In reviewing her work, Holland Cotter, currently art critic for the New York Times, has written:
Blanche Dolmatch’s scrupulously balanced “realistic” oils … have something of the eerie fascination of the phenomenon of identical twins. There is something endearing, even precious, and at the same time unnatural and psychologically unsettling. Indeed, Dolmatch employs this perfection of balance to cunningly disturbing ends. I say “cunningly” because the artist very obviously knows what she is up to; she understands the fascination (read : fear, perverse beauty} of the doppelgänger. Her show is as a whole initially disarmingly, unprepossessing.
The painting is flat, gesturally meticulous and unadventurous; images line up with an almost preternatural symmetry. The human figure seldom appears — in fact, there is the architectural concentration, as bleak and chilling as Hopper. “Motel, for instance, is a night scene — three cabins stand, side by side but equally distanced, each identical in every detail, down to the half-drawn shades in the windows, all backed by a tangle of finely drawn tree branches, each lit by a single street light. The moon casts identical shadows from all three objects. The work — the objects — are crisp, clean, perfect and generalized. The tree branches should soften the composition but their perfection only increases the impression of a world frozen, static and isolated. We are in a twilight zone of forms which have every promise of being “alive” in a realistic sense, but are in fact in a world without movement or light.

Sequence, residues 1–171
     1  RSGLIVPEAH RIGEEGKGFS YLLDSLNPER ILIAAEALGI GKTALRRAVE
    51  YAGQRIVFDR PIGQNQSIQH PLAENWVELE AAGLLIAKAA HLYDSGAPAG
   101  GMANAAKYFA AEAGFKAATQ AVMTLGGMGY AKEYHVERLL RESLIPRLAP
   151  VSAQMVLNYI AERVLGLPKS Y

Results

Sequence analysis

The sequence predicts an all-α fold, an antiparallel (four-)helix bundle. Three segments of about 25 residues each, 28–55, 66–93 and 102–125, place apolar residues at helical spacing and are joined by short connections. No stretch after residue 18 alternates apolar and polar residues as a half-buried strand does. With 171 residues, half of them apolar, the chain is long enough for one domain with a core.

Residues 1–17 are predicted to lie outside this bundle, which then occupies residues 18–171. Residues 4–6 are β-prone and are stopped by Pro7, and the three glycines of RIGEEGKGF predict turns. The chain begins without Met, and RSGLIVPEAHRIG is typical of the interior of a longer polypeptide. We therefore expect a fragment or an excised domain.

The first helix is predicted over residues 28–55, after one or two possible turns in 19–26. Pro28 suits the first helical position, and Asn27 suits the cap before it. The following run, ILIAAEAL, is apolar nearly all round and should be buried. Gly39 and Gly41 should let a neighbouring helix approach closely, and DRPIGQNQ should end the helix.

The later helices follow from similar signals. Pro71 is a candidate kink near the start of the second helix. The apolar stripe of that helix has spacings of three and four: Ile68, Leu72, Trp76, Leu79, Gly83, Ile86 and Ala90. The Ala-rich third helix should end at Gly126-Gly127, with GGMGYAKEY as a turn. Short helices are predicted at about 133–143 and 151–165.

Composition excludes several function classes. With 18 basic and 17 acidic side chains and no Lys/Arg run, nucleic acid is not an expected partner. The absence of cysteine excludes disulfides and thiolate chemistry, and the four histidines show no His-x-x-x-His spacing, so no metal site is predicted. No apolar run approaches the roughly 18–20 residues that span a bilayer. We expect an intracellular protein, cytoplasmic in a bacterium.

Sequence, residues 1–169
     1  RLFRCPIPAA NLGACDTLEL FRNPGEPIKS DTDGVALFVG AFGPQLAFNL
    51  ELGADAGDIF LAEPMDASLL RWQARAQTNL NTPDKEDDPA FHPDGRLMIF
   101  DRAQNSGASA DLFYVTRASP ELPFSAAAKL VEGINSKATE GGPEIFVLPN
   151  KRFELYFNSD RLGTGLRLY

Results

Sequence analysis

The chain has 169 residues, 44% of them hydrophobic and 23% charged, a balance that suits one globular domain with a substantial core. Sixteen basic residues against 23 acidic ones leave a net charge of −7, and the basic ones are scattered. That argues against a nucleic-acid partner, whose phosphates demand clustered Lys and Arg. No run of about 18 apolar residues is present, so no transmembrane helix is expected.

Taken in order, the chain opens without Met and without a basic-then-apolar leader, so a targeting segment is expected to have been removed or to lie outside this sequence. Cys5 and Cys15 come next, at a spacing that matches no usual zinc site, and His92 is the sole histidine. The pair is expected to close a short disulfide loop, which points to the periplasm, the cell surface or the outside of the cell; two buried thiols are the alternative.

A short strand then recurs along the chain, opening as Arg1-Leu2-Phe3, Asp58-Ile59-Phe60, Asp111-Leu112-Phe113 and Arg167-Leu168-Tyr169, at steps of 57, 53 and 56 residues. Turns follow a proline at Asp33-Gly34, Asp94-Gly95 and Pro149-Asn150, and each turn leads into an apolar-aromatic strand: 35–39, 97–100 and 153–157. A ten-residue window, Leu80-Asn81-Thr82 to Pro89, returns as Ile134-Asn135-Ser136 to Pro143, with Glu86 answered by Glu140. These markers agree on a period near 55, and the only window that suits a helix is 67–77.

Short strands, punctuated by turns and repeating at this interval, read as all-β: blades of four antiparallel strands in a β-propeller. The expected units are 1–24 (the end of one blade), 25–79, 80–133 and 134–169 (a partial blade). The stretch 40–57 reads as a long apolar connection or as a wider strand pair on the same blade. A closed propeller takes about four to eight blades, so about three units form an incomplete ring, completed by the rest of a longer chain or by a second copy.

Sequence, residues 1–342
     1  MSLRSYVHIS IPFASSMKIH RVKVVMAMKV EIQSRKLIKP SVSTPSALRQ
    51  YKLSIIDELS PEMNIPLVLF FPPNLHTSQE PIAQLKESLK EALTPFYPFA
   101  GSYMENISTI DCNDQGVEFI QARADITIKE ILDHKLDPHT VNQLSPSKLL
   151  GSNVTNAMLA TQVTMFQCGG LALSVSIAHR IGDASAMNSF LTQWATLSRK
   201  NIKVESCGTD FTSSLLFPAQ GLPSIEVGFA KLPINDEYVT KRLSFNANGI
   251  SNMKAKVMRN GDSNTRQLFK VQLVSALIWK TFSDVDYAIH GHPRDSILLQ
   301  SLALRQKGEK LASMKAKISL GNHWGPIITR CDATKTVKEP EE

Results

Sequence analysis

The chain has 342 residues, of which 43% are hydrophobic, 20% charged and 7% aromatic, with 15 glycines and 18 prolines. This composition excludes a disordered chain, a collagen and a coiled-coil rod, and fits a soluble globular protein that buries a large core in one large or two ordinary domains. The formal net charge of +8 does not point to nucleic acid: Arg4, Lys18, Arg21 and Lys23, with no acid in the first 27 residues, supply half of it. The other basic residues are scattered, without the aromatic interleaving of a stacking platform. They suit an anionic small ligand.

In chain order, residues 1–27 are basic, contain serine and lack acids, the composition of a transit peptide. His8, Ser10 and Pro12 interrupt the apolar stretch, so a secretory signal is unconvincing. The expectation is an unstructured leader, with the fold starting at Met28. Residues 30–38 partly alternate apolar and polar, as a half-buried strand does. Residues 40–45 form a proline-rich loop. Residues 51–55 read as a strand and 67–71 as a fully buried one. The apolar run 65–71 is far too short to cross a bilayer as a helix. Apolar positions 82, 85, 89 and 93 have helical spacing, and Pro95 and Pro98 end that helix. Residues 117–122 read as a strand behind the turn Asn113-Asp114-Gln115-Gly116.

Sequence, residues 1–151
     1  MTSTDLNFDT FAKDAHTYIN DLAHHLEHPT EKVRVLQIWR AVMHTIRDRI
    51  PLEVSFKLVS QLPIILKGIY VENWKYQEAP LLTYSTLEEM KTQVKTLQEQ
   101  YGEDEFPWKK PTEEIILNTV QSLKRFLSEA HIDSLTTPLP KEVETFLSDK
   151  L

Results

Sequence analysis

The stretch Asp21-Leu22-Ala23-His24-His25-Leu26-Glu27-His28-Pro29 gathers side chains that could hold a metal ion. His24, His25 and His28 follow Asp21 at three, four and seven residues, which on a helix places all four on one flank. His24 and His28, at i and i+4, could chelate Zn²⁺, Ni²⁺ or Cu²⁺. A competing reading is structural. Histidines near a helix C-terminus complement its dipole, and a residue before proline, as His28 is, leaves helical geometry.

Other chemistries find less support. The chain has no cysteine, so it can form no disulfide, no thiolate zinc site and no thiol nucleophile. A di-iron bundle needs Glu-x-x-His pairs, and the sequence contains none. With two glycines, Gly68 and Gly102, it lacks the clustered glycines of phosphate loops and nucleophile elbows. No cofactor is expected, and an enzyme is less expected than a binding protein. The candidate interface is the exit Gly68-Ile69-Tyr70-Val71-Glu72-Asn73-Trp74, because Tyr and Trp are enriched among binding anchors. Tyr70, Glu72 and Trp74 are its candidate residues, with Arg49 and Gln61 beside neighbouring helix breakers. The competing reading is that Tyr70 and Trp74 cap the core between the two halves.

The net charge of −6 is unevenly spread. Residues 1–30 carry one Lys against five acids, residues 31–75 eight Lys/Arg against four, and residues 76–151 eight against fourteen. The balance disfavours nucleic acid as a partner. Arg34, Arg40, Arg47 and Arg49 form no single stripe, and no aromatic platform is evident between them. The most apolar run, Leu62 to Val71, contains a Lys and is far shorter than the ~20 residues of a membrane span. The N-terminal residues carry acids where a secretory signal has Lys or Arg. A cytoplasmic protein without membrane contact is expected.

I return to Hopper: his world is laden with a sense of icy alienation. Dolmatch's view goes further to suggest that reality is a meticulously balanced metaphorical architecture of uninhabitable, unmoving forms. It is a chilling vision, both metaphorically acute, technically faultless, and visually enthralling.